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Patrice Chaplin * The Portal * Kabbala Secrets and Rennes Le Chateaux *

THE PORTAL is the true and startling disclosure of respected British writer Patrice Chaplin’s initiation into the mysteries of Rennes-le-Château. Following in the footsteps of those before her, among them, the famed priest Bérenger Saunière who rose to cult popularity due to modern-day bestsellers such as Holy Blood, Holy Grail and The Da Vinci Code, Patrice embarks upon a secret alchemical pilgrimage involving strict purifications of mind and body and a deadly journey they prepared her for, all of which unveils the sacred and prehistoric purpose of what is now Rennes-le-Château.

PATRICE CHAPLIN is an internationally renowned playwright and author who has published more than 26 books, plays, and short stories. Her most notable work includes Albany Park, Siesta, which was made into a film staring Jodi Foster and Isabella Rossellini, Into the Darkness Laughing, Hidden Star, Night Fishing, and Death Trap. Patrice resides in London.

'Mystical Legends - Girona, A City Of Secrets' from Carrie Kirkpatrick on Vimeo.

Chaplin Family Member Verifies Secret Government Project

New developments surface in Patrice Chaplin's stargate mystery! A group long thought to have been linked to the Vatican or the Habsburgs have now been revealed to include US billionaire Howard Hughes! In the 1930's German medievalist and Grail seeker Otto Rahn brought Hughes to Gerona, Spain. The legendary tycoon came to know of the region's natural stargates, entrances from other dimensions discussed in detail in Patrice's new book The Portal (Quest Books, Sept '10). In the 1960's Hughes sent CIA operatives to ransack private property holding related documents and artifacts. Did Hughes ever find and travel the portal located in the Pyrenees? Did Hughes employ legendary O.T.O member and jet propulsion pioneer Jack Parsons to assist in government projects aimed at creating artificial portals? Were the morbid accounts of the failed Philadelphia Experiment a botched attempt at constructing these artificial portals, or wormholes?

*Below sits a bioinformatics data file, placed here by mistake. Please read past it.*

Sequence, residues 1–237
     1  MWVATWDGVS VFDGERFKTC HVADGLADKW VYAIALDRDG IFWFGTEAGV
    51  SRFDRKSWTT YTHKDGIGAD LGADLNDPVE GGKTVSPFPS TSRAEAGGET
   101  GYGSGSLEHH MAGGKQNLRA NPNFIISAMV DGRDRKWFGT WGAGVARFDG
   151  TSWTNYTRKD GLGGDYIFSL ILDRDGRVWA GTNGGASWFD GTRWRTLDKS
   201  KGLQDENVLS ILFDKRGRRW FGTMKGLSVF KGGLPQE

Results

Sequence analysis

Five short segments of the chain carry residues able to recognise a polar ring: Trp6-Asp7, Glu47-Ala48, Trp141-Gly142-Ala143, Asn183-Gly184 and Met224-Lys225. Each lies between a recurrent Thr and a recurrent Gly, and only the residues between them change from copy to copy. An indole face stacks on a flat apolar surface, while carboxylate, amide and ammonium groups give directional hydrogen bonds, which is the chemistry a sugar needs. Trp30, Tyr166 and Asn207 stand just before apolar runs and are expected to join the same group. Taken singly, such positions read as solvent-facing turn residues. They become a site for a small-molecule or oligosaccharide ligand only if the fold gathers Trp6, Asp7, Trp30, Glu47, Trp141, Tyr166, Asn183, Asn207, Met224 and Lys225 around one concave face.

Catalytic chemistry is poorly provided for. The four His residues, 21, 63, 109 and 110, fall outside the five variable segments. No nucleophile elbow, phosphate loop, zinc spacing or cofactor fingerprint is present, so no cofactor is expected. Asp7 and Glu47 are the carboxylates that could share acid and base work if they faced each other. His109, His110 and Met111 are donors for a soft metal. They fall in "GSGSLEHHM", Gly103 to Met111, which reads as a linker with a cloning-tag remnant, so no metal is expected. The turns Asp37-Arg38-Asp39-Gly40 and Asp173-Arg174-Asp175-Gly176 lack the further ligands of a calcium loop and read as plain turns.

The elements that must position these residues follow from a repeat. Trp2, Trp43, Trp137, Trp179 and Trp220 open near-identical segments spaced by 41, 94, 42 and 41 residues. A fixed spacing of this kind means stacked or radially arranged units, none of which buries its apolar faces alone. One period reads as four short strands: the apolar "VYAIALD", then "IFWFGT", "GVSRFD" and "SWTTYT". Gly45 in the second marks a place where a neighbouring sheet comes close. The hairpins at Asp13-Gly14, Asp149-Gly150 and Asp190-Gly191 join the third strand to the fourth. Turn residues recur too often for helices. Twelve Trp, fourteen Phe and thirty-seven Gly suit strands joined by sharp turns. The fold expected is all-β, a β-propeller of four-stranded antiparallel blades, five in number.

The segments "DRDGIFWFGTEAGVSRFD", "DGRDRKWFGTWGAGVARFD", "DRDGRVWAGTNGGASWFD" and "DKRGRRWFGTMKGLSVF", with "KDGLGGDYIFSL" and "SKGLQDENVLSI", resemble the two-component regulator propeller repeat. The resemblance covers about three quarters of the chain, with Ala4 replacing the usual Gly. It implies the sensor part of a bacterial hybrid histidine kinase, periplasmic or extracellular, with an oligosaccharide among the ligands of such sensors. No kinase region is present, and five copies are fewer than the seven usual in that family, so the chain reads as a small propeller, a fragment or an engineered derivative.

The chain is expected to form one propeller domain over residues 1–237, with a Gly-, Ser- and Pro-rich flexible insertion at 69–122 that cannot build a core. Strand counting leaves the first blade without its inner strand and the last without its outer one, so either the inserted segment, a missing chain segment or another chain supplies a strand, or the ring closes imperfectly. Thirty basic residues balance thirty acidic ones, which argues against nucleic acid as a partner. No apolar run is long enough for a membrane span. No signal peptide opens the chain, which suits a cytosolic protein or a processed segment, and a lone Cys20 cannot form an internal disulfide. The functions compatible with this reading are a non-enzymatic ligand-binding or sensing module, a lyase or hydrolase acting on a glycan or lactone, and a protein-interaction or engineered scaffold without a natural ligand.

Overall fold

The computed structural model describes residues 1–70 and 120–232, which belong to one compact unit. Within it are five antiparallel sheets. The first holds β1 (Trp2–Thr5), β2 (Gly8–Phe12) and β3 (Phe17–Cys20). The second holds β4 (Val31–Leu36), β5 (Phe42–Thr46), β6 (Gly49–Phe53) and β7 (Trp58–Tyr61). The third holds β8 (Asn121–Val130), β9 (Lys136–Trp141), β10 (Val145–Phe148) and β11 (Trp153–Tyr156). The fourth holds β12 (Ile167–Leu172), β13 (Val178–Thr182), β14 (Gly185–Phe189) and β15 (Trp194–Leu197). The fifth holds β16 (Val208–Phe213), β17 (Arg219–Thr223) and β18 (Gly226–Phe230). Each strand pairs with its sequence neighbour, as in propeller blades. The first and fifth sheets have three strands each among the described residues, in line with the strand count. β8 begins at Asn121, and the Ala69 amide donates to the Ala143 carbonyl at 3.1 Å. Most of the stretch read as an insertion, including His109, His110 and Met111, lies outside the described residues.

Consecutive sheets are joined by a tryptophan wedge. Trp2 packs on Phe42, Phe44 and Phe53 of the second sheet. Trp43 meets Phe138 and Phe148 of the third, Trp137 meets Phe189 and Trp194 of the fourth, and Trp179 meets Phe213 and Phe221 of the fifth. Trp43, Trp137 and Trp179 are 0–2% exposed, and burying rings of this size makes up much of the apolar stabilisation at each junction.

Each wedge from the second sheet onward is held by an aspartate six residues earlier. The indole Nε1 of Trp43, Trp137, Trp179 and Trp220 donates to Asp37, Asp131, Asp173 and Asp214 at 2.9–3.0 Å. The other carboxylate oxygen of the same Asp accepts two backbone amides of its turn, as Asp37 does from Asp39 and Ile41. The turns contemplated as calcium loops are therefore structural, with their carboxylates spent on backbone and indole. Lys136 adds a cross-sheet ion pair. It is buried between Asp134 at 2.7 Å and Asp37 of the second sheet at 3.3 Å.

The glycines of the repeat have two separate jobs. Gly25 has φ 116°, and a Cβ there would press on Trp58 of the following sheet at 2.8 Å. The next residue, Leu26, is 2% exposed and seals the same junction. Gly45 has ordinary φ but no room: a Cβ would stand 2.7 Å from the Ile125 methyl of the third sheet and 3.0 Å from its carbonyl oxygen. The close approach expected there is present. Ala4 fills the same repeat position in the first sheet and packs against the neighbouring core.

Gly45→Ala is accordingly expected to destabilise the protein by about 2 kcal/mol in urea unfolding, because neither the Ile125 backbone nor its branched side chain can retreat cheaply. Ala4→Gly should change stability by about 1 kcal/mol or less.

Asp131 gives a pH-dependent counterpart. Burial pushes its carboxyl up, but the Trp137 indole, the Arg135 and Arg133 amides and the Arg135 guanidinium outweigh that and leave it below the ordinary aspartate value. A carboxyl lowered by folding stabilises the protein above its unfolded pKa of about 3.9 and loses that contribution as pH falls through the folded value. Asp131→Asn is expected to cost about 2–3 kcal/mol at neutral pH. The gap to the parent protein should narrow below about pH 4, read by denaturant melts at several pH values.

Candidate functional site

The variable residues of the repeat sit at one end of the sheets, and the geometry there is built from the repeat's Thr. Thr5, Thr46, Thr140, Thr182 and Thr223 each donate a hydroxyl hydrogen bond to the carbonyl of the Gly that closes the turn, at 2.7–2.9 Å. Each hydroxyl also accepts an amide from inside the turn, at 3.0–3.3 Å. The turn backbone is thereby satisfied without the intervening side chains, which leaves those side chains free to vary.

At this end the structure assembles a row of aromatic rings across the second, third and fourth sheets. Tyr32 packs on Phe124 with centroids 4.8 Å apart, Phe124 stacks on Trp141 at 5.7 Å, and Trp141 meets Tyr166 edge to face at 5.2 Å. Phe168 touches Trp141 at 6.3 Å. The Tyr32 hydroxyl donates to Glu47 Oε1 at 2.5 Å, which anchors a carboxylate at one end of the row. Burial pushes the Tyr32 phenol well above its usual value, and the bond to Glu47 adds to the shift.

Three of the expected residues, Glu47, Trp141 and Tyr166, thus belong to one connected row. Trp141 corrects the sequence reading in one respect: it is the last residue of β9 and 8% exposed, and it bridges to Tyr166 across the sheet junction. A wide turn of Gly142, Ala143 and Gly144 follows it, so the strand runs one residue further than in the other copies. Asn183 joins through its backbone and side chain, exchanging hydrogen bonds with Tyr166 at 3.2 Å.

Patrice Chaplin

Quote startUnder the guidance of Jose’s teacher, one of the few true living Kabbalists, Patrice embarked in 2004 to ‘Tread the Seven Stars Under the Great Bear’.Quote end

Chicago, IL (PRWEB) September 28, 2010

Patrice Chaplin's recent memoir The Portal: An Initiate's Journey into the Secret of Rennes-le-Château details the mysterious pre-Atlantean stargate sought after by Howard Hughes. Picking up where Patrice's previous memoir 'City of Secrets: One Woman’s True-life Journey to the Heart of the Grail Legend' leaves off, 'The Portal' discloses Patrice’s personal journey through this very real stargate.

In 2003 'City of Secrets' was in the process of being published in the UK. Jose Tarres, real-life custodian of the Holy Grail, great friend to remarkable talents such as Salvidor Dali, Jean Cocteau, Umberto Eco and Simone de Beauvoir, and forever the love of Patrice’s life, had suffered a near fatal heart attack. With Jose then in his seventies, the power of death as a silencer threatened the survival of his society’s guarded knowledge.

Patrice had thoroughly researched Jose’s documents and testimony with his permission for the writing of 'City of Secrets'. But upon its completion, Patrice confessed she still did not fully understand the puzzle revolving around the legendary, yet very real, golden cup. “So what was the secret behind the secret?” Patrice asked. With simple resolution, Jose said, “You have to do what they did in every century, the initiates. You have to do the Journey.”

Under the guidance of Jose’s teacher, one of the few true living Kabbalists, Patrice embarked in 2004 to ‘Tread the Seven Stars Under the Great Bear’. Through activating the eleven sacred sites along the French/Catalan border, Patrice journeyed detachment, death, and rebirth. Patrice lived through Mt. Canigou’s great secret, a pre-Atlantean portal, a gateway into other times and dimensions.

Recently Patrice was made aware that 'El Americano', a shadowy figure she had heard in passing since her youth, was in fact the famous playboy adventurer Howard Hughes. Now having traveled the portal herself, Patrice is continually being approached by individuals wishing to offer previously untold pieces to the puzzle. Catalan priests, Freemasons, famous pilots, and even previous NASA employees are seeking Patrice out with vital proof and testimony. The implications are startling, with widespread effects. Stay tuned to for forthcoming evidence.